11 Classes [class]

11.8 Member access control [class.access]

11.8.4 Friends [class.friend]

A friend of a class is a function or class that is given permission to name the private and protected members of the class.
A class specifies its friends, if any, by way of friend declarations.
Such declarations give special access rights to the friends, but they do not make the nominated friends members of the befriending class.
[Example 1:
The following example illustrates the differences between members and friends: class X { int a; friend void friend_set(X*, int); public: void member_set(int); }; void friend_set(X* p, int i) { p->a = i; } void X::member_set(int i) { a = i; } void f() { X obj; friend_set(&obj,10); obj.member_set(10); }
— end example]
Declaring a class to be a friend implies that private and protected members of the class granting friendship can be named in the base-specifiers and member declarations of the befriended class.
[Example 2: class A { class B { }; friend class X; }; struct X : A::B { // OK: A​::​B accessible to friend A::B mx; // OK: A​::​B accessible to member of friend class Y { A::B my; // OK: A​::​B accessible to nested member of friend }; }; — end example]
[Example 3: class X { enum { a=100 }; friend class Y; }; class Y { int v[X::a]; // OK, Y is a friend of X }; class Z { int v[X::a]; // error: X​::​a is private }; — end example]
A friend declaration that does not declare a function shall have one of the following forms:
[Note 1:
A friend declaration can be the declaration in a template-declaration ([temp.pre], [temp.friend]).
— end note]
If the type specifier in a friend declaration designates a (possibly cv-qualified) class type, that class is declared as a friend; otherwise, the friend declaration is ignored.
[Example 4: class C; typedef C Ct; class X1 { friend C; // OK: class C is a friend }; class X2 { friend Ct; // OK: class C is a friend friend D; // error: D not found friend class D; // OK: elaborated-type-specifier declares new class }; template <typename T> class R { friend T; }; R<C> rc; // class C is a friend of R<C> R<int> Ri; // OK: "friend int;" is ignored — end example]
A function first declared in a friend declaration has the linkage of the namespace of which it is a member ([basic.link]).
Otherwise, the function retains its previous linkage ([dcl.stc]).
[Note 2:
A friend declaration refers to an entity, not (all overloads of) a name.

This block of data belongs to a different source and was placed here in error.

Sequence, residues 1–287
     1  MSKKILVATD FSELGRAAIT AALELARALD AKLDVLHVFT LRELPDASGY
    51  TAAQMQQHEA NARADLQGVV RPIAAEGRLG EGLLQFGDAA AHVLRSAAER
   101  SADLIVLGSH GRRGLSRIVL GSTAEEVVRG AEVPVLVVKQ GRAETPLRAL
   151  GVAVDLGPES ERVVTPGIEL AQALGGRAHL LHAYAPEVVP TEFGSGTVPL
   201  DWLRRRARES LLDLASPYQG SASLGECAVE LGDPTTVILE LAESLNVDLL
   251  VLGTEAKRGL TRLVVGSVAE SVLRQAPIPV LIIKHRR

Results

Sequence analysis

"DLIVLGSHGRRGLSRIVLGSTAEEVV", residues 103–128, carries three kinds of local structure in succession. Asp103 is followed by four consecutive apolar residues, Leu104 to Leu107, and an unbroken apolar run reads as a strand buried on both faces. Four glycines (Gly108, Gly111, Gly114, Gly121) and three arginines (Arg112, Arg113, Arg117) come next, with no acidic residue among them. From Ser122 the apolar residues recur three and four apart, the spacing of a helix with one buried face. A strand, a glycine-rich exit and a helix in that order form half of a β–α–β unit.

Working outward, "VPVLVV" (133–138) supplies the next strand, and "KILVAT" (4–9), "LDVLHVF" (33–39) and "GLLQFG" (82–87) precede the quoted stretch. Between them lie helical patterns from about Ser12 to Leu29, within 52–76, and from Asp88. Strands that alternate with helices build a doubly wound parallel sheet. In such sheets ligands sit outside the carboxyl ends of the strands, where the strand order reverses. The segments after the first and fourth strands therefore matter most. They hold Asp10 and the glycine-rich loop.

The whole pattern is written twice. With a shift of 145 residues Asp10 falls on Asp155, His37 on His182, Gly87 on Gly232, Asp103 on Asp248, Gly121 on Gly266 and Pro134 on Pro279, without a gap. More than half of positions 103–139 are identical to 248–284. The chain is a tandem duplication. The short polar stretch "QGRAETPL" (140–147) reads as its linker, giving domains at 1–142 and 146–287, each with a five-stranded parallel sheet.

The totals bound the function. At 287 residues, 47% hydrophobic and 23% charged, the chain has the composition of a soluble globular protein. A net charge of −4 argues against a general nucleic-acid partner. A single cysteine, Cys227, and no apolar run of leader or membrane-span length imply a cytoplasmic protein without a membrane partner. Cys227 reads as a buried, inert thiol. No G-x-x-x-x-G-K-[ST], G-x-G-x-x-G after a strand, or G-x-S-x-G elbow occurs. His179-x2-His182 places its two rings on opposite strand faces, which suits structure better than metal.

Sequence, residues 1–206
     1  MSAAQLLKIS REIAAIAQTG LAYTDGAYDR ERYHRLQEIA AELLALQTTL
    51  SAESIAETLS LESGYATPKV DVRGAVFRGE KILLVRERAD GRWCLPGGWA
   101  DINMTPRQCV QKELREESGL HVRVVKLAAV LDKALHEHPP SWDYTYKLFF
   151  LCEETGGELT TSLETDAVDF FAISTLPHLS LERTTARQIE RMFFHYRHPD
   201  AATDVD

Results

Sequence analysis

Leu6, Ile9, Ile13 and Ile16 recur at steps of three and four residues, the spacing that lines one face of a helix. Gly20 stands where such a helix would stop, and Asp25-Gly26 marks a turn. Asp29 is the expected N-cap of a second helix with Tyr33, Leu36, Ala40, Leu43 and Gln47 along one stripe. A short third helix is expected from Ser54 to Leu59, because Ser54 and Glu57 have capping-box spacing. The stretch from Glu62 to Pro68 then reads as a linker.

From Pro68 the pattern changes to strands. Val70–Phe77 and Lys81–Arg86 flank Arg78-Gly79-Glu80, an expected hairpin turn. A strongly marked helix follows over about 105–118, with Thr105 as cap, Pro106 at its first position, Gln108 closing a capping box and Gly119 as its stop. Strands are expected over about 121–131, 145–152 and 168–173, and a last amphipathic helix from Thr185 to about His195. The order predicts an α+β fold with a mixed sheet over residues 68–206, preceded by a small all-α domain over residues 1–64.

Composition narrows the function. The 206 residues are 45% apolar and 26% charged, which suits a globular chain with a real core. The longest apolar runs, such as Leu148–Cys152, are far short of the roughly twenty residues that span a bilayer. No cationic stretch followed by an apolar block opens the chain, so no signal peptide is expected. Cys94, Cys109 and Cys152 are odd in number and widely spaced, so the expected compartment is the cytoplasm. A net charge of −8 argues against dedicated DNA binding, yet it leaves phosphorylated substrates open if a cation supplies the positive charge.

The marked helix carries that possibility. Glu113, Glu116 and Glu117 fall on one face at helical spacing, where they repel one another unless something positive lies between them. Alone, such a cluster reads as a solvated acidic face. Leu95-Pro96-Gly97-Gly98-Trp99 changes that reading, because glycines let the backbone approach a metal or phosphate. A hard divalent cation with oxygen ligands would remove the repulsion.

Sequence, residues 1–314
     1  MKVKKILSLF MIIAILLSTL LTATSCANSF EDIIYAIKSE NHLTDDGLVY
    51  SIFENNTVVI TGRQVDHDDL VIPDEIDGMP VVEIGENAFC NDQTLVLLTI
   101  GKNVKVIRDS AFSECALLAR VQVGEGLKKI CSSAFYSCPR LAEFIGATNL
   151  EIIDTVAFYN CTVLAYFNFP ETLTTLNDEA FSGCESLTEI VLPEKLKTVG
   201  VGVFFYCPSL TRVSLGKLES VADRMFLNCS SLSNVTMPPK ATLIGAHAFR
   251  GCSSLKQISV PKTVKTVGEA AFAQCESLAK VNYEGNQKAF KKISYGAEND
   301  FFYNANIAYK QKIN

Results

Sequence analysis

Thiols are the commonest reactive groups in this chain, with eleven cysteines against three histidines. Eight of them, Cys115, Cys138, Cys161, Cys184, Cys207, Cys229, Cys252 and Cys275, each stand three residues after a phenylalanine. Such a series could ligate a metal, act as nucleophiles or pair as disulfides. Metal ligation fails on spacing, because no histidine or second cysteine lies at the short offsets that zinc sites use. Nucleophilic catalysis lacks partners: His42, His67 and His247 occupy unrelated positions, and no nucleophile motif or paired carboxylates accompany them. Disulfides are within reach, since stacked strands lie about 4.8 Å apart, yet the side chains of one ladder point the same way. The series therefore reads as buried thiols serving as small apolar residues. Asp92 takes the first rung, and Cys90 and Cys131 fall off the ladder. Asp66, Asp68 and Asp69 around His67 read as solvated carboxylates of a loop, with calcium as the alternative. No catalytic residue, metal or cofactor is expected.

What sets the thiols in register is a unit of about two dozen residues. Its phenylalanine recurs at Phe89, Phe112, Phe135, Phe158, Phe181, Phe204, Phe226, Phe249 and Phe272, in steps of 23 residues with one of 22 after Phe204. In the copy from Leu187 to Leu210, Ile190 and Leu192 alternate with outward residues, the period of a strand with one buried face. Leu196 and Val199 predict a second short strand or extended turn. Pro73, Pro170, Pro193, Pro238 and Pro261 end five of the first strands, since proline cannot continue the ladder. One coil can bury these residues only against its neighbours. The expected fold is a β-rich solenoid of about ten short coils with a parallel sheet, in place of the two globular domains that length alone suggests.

A member function of a class X can be a friend of a class Y.
[Example 5: class Y { friend char* X::foo(int); friend X::X(char); // constructors can be friends friend X::~X(); // destructors can be friends }; — end example]
— end note]
A function may be defined in a friend declaration of a class if and only if the class is a non-local class ([class.local]) and the function name is unqualified.
[Example 6: class M { friend void f() { } // definition of global f, a friend of M, // not the definition of a member function }; — end example]
Such a function is implicitly an inline ([dcl.inline]) function if it is attached to the global module.
[Note 3:
If a friend function is defined outside a class, it is not in the scope of the class.
— end note]
No storage-class-specifier shall appear in the decl-specifier-seq of a friend declaration.
A member nominated by a friend declaration shall be accessible in the class containing the friend declaration.
The meaning of the friend declaration is the same whether the friend declaration appears in the private, protected, or public ([class.mem]) portion of the class member-specification.
Friendship is neither inherited nor transitive.
[Example 7: class A { friend class B; int a; }; class B { friend class C; }; class C { void f(A* p) { p->a++; // error: C is not a friend of A despite being a friend of a friend } }; class D : public B { void f(A* p) { p->a++; // error: D is not a friend of A despite being derived from a friend } }; — end example]
[Note 4:
A friend declaration never binds any names ([dcl.meaning], [dcl.type.elab]).
— end note]
[Example 8: // Assume f and g have not yet been declared. void h(int); template <class T> void f2(T); namespace A { class X { friend void f(X); // A​::​f(X) is a friend class Y { friend void g(); // A​::​g is a friend friend void h(int); // A​::​h is a friend // ​::​h not considered friend void f2<>(int); // ​::​f2<>(int) is a friend }; }; // A​::​f, A​::​g and A​::​h are not visible here X x; void g() { f(x); } // definition of A​::​g void f(X) { /* ... */ } // definition of A​::​f void h(int) { /* ... */ } // definition of A​::​h // A​::​f, A​::​g and A​::​h are visible here and known to be friends } using A::x; void h() { A::f(x); A::X::f(x); // error: f is not a member of A​::​X A::X::Y::g(); // error: g is not a member of A​::​X​::​Y } — end example]
[Example 9: class X; void a(); void f() { class Y; extern void b(); class A { friend class X; // OK, but X is a local class, not ​::​X friend class Y; // OK friend class Z; // OK, introduces local class Z friend void a(); // error, ​::​a is not considered friend void b(); // OK friend void c(); // error }; X* px; // OK, but ​::​X is found Z* pz; // error: no Z is found } — end example]